Status of Arizona- and Alabama-inspired Legislation (and Litigation)
- SB 1070 Four Years Later: Lessons Learned
SB 1070’s enactment in Arizona prompted legislators in five other states—Utah, Georgia, Indiana, Alabama, and South Carolina—to enact similar legislation in 2011. However, most of these other states have settled the legal challenges that immigrants’ rights groups brought against the laws they enacted.
On April 25, 2012, the U.S. Supreme Court will hear oral arguments in United States v. Arizona, the first legal challenge to a state racial profiling law to reach the highest court in the land. A year after Arizona’s SB 1070 was enacted, Alabama passed its own law, HB 56, which is widely considered to be the most far-reaching anti-immigrant law in the country.
Utah’s “Illegal Immigration Enforcement Act” (H.B. 497) is an enforcement-only bill that copies several provisions from Arizona’s controversial SB 1070 and includes others that lead to the same result — of driving immigrants from the state. The “Utah Immigration Accountability and Enforcement Act” (H.B. 116) attempts to establish a state immigrant worker permit while also imposing numerous requirements on applicants for the proposed status and heightening employment eligibility verification requirements. This is an overview of some of these bills’ most dangerous provisions.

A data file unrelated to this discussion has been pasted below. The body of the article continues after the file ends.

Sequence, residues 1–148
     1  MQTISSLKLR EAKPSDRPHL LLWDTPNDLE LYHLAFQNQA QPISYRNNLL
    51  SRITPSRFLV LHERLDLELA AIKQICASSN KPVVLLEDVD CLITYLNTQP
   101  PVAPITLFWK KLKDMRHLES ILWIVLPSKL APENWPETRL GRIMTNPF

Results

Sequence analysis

"Despite much media hype, the supposed wave of anti-immigrant politics has amounted to a few punitive laws in a handful of states, even as most states have quietly been moving forward with positive, integrative approaches to new immigrants in their communities." (Progressive States Network, 9/08, PDF)
Information organized by state, bill number, bill summary, and status/comments. (NILC)